Never mind truth and reconciliation, the immediate aftermath of the World Championships road race is a theatre of truth and recrimination. For the winner, the podium, the rainbow jersey and the handshakes. For the vanquished, the mixed zone, the microphones and the instant post-mortems.
On Sunday afternoon in Ponferrada, they soft-pedalled past, faces muddied and haunted after almost seven hours in the rain. For some, the disappointment is such that they prefer to breeze straight through and compose their thoughts aboard the team bus before speaking to the press. Others are keen to state their case immediately.
Philippe Gilbert, certainly, was happy to get things off his chest when he was flagged down by a group of reporters. He had been the man powering the small chasing group on the final descent as they stalked lone escapee Michal Kwiatkowski (Poland) all the way to Ponferrada, but his appeals for help as the road flattened out fell on deaf ears.
Tony Gallopin (France) declined the invitation to come through, while Alejandro Valverde (Spain), Simon Gerrans (Australia) and Matti Breschel (Denmark) also demurred. With Gilbert’s teammate Greg Van Avermaet also in the break, they felt the onus was on the Belgians to make the running.
Kwiatkowski duly stayed clear to take the world title, while Gerrans and Valverde swept up the medals. Van Avermaet could only manage 5th, while a frustrated Gilbert rolled across the line in 7th place.
“I don’t understand the tactics of the riders who were with us, like Gallopin. Not just him, mind, although I don’t know who else was there too because it was all so fast,” Gilbert said.
“It’s different in a classic, where a podium can be a decent result or a top five place. In the Worlds, first place is all that counts. I don’t understand why people make calculations just to finish second or whatever. In the end, it’s just personal satisfaction if you finish in the top five, it doesn’t have a lot of value.”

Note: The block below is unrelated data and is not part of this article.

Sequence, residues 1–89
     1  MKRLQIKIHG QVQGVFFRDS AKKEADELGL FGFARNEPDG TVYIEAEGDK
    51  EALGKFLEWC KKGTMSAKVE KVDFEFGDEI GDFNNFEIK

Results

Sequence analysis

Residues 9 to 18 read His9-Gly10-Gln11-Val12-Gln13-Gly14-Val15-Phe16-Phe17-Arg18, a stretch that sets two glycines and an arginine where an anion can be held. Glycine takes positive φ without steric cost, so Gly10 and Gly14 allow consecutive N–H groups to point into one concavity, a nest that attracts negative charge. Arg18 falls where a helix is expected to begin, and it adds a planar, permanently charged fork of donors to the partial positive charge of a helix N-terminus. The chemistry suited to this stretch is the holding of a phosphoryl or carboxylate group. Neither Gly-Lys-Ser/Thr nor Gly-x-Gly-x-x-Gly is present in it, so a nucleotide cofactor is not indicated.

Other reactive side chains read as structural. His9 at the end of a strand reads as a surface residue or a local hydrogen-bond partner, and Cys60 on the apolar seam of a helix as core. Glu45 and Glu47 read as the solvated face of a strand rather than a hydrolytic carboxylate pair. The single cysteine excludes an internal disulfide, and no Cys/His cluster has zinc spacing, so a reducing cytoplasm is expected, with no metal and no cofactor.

Gilbert had arrived in Ponferrada some way short of his best and he found himself in the unfamiliar position of riding in a supporting role for the Belgian squad, but when Joaquim Rodriguez (Spain) triggered the attacking on the final climb of Mirador, he was quick to respond.
“When I saw Rodriguez going, I didn’t panic. I waited five or six seconds and then I came over him. The last climb was good for me,” he said.
At that point, Gilbert perhaps harboured hopes of a second rainbow jersey, but once he realised that Van Avermaet was also part of the elite group, he quickly reverted to his designated role. Once fierce rivals during their days together at Lotto, the hatchet has apparently been buried since they linked up again at BMC. Certainly, there was no trace of discord here, as Gilbert was generous in his supporting efforts in the finale.
“When I saw Van Avermaet coming up and I quickly understood what I needed to do,” he said. “I was going to ride for him to bring him back for the sprint because on a finish like that he’s faster than me, I didn’t hesitate. We deserved at least a podium but I don’t have any regrets.
“As a team, our tactics was good. [Tom] Boonen was our number one sprinter if it was a big group, then Greg was number two in the event of a smaller group.”
Unable to come around Valverde, Van Avermaet ultimately fell short in the sprint, although Kwiatkowski’s smart attack meant that it was for the silver and bronze medals rather than for the grandest prize of all.
“It’s a pity Valverde closed the door on me, otherwise I would have been in the top three for sure,” Van Avermaet said. “Gilbert worked really well but there was not much to do. The others in the group wouldn’t work and I had to save myself for the sprint. It’s a pity, because I had good legs. I was on a good day.”
Nobody, though, was on good a day as Kwiatkowski, who ought to have alerted the world to his intentions when he set his Polish team to work for several laps midway through the race, an effort that pegged back much of the early break’s 15-minute advantage.
“At the start, we were all wondering why the Poles were riding because it was so early,” Gilbert said. “Of the nine Poles, four or five were from continental teams so we knew they weren’t going to keep it up for 250 kilometres.”
When Kwiatkowski careered away on the long descent of Confederacion on the final lap, Gilbert wondered if the Pole had played his hand too early, particularly with so many strong teams still so well represented in the main body of the peloton at that point.
“I saw Kwiatkowski going away on the descent and I didn’t really think he’d stay away, but he was clearly very strong,” Gilbert said, later musing: “The winner is always right.”
Amid the recrimination, there is always truth.
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